WASHINGTON — One week after pronouncing merger talks with the American Plastics Council dead, the Society of the Plastics Industry Inc. now says it wants to resume the contentious discussions between the industry's two largest trade associations.
The switch came after the SPI board met in Arlington, Va., and decided in a near- unanimous vote to instruct its officers to ask APC to restart the talks, SPI officials said Sept. 25.
The talks broke down earlier this month, in what some SPI sources said was a dispute over leadership of any combined organization. SPI negotiators reportedly favored current SPI President Larry Thomas, while APC wanted the question left open.
But the SPI board decided to tell its officers to meet again with APC and talk about further cooperation and restarting talks, said SPI Chairman Patrick Jack. The officers expect to bring a proposal on how to continue talks back to the SPI board in January. Jack is senior vice president of chemicals for Fina Oil and Chemical Co. in Dallas.
At stake in the talks, according to supporters of unification, is whether the industry is able to create a wealthier and more politically powerful association to represent what is in some ways a fragmented industry. But overcoming some of those divisions has proven very difficult thus far, including strong concerns from some SPI members that any new group retain strong processor programs.
The SPI board did not resolve the leadership question, leaving that ``to deal with down the pike,'' said Vice Chairman Harry Ussery. Ussery is also president of Beacon Plastics Inc. in Greenville, S.C.
``When faced with the possibility that talks could be off, there was a lot of thinking that there must be another way,'' he said. ``That is why the SPI board charged its officers to come back with a proposal and not get into specific issues. There was a strong sentiment that this is important to our industry.''
The decision was welcomed by outgoing APC President Red Cavaney, who said APC would rejoin talks as long as SPI has ``strong organizational support for something like this'' and the talks do not ``drag on interminably'' and erode staff morale.
``If past history is any guide, I think even an optimist would have to say that this would appear to be something that would take quite some time,'' Cavaney said. APC is very interested in talking, but both groups are in the midst of major reorganizations that are more difficult to do if merger talks hang open for too long, he said.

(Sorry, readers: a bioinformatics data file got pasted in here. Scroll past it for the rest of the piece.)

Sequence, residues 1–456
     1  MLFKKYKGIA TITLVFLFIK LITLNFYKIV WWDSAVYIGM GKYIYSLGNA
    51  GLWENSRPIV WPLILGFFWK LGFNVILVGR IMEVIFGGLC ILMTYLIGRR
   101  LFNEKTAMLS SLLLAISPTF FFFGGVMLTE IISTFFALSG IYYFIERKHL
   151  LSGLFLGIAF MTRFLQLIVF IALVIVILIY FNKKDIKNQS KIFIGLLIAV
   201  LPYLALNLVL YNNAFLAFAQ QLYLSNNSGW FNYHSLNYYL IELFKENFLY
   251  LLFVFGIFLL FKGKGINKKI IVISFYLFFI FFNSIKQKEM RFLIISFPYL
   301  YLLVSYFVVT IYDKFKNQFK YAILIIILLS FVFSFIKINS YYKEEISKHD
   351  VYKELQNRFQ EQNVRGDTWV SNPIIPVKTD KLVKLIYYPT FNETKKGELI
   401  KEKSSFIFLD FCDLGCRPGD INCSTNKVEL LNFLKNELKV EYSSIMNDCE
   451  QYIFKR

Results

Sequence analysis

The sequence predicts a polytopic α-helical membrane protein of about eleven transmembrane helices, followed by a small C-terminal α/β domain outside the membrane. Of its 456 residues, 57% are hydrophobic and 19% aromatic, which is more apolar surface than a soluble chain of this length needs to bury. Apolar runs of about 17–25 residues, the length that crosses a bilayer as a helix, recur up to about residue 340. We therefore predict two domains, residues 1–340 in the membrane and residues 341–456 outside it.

The two sides quarreled over who broke off the talks, with SPI claiming APC did in a midsummer letter and APC saying that SPI officials suspended discussions in early September.
SPI's old negotiating team was led by Ussery and consisted of four processors and two machinery makers. It did not include any representation from resin supplier companies.
The new group comprises SPI's five officers, who represent SPI's three main groups: processors, machinery manufacturers and resin suppliers. They include Jack; Ussery; Secretary Robert Ackley, president of equipment maker Davis Standard Corp.; Treasurer Arthur Goodsel, president of Huron Plastics Group Inc.; and immediate past Chairman G. Watts Humphrey, chief executive officer of Conair Group.
Jack said he would contact APC leaders within a week.
APC members are all resin suppliers, most of whom also are members of SPI. APC's predecessor organization, the Council for Solid Waste Solutions, was an offshoot of SPI, but SPI has no control over APC.
Jack said SPI was happy with its negotiating team's performance. He blamed problems on misunderstandings of board actions at its May meeting, when SPI decided to continue talks but was unclear about its position on leadership.
Some members thought the board put off leadership talks, while others thought the board wanted advice on how to handle leadership, Jack said.
``We did not walk away with a consistent understanding of what that meant,'' Jack said. ``That presented the [negotiating] task force with a real challenge.''
But Cavaney said several APC/SPI members were concerned that actions the SPI board had taken earlier this year were not consistent with what was happening at the bargaining table.
``Several of them told me they were looking for answers at these meetings'' in Arlington this week, he said.
The SPI team will use a proposal developed by Ussery's task force as a basis for trying to restart talks, Jack said.
That proposal recommends:
Combining the communications, technical affairs, government affairs, finance and administration, legal, membership and regional offices.
Leaving alone the APC ad campaign, SPI business units such as the Composites Institute and the SPI trade shows.
Creating an executive council that would be equally split between processors, machinery companies and resin manufacturers.